Mental Health Patients To Benefit From Drive For Dignity, Respect

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The successful 'dignity in care' campaign to ensure that older people are treated with respect by health and care professionals, will be extended to people with mental health problems.

The initial campaign has already proved successful in raising awareness of dignity in care and driving forward improvements in the way in which older people are treated every day.

There are now 1000 individuals who have been recognised as 'Dignity Champions' and been rewarded for going that extra mile in improving the service that older people receive.

Initiatives round the country include installing a music system in wards at West Hertfordshire NHS Trust to mask confidential conversations to maintain the crucial privacy that older people need to feel respected.

Ivan Lewis said:

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"Our campaign to put dignity and respect at the heart of care services for older people is beginning to make a real difference at a local level.

"A record 1000 people including volunteers, carers and professionals have now signed up to champion the rights of older people in hospitals and nursing homes. We genuinely need people like this to be the voice and ear of colleagues and professionals to promote dignity. These inspirational individuals are taking positive action to ensure that older people have a positive experience in the way they are treated by professionals in the NHS and social care sector. An increasing number of NHS trusts, local authorities and independent sector providers are focusing on how their services can place a new emphasis on dignity and respect for patients, residents and their families.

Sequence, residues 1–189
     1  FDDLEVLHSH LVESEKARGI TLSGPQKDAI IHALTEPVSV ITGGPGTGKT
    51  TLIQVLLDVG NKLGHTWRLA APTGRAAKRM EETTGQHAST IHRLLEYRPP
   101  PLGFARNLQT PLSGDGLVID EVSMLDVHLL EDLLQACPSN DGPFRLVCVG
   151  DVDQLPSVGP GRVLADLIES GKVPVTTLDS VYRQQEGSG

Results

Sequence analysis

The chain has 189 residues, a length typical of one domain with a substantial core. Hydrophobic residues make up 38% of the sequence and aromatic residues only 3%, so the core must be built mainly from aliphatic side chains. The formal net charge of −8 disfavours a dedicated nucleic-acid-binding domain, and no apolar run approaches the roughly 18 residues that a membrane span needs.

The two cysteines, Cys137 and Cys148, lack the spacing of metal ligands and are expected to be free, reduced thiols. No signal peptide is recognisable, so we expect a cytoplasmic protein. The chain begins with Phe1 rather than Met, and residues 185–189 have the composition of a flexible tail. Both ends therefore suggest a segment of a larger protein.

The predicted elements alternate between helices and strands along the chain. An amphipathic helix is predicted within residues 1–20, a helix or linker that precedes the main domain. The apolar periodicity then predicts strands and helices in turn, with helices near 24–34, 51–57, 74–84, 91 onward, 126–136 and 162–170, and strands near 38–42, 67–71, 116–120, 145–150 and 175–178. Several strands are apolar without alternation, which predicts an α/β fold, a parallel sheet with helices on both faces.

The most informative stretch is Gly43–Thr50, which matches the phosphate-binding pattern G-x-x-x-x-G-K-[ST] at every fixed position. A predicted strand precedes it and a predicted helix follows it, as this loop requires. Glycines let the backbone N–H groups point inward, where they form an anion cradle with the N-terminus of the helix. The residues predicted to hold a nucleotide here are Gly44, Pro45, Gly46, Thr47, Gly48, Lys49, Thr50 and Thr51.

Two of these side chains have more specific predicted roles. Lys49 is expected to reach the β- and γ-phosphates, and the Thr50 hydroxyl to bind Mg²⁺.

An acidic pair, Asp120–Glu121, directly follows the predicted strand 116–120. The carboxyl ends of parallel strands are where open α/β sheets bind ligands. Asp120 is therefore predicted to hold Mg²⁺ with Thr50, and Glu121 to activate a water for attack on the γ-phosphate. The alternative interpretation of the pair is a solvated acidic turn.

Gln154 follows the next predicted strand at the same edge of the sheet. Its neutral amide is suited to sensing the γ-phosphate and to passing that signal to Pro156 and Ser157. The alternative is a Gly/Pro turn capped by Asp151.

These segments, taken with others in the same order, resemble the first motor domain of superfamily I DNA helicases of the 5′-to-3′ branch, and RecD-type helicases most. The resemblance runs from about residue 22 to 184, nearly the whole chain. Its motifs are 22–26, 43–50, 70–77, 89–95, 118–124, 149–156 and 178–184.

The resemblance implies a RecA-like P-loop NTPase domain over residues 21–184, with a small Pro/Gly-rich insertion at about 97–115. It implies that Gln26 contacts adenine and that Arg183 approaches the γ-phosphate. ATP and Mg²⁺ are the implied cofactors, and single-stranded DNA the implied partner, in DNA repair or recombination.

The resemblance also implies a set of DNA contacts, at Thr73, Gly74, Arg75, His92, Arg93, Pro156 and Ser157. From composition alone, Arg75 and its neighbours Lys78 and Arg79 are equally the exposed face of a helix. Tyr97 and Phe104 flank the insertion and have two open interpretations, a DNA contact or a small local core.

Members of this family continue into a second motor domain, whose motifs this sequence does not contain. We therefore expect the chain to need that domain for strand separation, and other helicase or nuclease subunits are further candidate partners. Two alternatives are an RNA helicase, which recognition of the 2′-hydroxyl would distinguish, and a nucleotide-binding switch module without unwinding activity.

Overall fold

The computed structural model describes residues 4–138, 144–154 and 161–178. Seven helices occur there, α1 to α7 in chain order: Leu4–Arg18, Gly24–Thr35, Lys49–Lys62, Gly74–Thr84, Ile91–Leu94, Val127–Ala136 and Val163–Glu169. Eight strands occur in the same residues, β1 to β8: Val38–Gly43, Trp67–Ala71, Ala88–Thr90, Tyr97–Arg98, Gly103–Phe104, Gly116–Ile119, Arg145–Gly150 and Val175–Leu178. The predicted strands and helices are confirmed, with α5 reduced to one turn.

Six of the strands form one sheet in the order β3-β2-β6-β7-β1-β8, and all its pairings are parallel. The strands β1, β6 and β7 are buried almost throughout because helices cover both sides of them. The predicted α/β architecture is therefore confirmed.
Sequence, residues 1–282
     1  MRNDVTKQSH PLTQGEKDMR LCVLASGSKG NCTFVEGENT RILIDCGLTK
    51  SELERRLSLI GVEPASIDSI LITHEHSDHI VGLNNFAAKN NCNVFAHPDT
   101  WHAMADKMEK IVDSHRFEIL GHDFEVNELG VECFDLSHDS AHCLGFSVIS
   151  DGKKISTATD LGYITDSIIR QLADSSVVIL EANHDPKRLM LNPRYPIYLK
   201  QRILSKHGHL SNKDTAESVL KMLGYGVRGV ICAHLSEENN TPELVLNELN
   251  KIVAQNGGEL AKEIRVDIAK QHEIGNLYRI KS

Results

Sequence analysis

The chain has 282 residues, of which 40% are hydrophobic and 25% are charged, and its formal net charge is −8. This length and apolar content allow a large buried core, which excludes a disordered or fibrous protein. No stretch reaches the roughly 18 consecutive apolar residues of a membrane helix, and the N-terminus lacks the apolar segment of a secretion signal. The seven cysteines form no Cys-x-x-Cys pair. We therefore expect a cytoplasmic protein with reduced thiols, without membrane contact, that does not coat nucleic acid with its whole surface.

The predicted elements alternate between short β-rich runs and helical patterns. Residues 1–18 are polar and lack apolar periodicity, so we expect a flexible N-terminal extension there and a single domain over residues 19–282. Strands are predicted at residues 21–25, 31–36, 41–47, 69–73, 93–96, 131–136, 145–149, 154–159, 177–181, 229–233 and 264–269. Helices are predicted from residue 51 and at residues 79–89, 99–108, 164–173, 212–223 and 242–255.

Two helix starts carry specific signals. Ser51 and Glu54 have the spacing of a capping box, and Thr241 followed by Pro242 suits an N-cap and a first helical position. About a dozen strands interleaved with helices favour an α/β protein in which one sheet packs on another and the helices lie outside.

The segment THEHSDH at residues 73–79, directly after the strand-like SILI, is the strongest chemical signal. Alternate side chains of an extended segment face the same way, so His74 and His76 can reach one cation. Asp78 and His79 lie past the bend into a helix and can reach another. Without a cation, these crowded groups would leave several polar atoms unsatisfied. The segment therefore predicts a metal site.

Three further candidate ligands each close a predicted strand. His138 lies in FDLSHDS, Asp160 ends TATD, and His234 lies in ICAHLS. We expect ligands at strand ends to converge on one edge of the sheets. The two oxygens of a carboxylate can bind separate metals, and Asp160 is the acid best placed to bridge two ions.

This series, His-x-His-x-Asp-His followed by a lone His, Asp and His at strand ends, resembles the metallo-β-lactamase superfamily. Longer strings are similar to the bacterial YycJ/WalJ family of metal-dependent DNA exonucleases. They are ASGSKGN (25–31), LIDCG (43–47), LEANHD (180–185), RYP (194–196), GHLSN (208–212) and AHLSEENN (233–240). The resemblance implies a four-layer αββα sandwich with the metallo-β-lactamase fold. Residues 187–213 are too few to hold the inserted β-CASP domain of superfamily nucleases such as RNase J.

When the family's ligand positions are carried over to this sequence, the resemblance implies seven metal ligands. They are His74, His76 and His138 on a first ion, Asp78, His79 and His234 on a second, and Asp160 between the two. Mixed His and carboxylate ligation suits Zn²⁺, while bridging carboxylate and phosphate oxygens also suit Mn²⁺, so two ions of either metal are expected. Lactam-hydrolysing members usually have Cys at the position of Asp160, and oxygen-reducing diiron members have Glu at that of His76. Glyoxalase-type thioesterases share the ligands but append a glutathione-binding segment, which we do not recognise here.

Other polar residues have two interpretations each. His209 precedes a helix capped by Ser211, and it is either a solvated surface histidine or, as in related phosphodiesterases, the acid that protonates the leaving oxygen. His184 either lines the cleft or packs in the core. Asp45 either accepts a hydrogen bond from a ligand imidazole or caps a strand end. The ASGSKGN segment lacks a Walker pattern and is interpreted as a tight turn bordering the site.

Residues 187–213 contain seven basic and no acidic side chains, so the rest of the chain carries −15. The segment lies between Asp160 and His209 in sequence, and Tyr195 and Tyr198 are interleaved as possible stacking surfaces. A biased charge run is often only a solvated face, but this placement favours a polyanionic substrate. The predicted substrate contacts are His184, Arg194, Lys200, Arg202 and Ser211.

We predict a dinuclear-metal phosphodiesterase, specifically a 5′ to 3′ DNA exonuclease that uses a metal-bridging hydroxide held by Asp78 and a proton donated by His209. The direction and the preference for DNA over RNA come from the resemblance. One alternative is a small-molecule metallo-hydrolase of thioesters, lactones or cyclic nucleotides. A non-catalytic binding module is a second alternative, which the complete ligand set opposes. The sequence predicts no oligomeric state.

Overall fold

"As well as strengthening our focus on older people we are today announcing the extension of our dignity campaign to people with mental health needs. People experiencing mental health difficulties are amongst the most vulnerable in society. We know people fear what they don't understand. Fear can result in discrimination and we know that people with mental health problems are facing discrimination when trying to access public services like health care or get support from social services.

We will be working in partnership with 'Moving People' to attack the stigma faced by people with mental health problems in society and ensure they are treated with dignity and respect by NHS and social care services.

Paul Farmer, Chief Executive of mental health charity Mind said:

"Our research has found people routinely feel stripped of dignity in the mental health system, even though dignity and self-esteem are essential to recovery from mental ill health. People with mental health problems are too often shunned and discriminated against, even in those places which are supposed to be therapeutic and caring. Yet being treated with kindness and respect by staff can make all the difference to someone's wellbeing and esteem, and hasten recovery. If 'dignity champions' can go any way to redressing the de-personalising nature of our mental health wards, then they will be most welcome."

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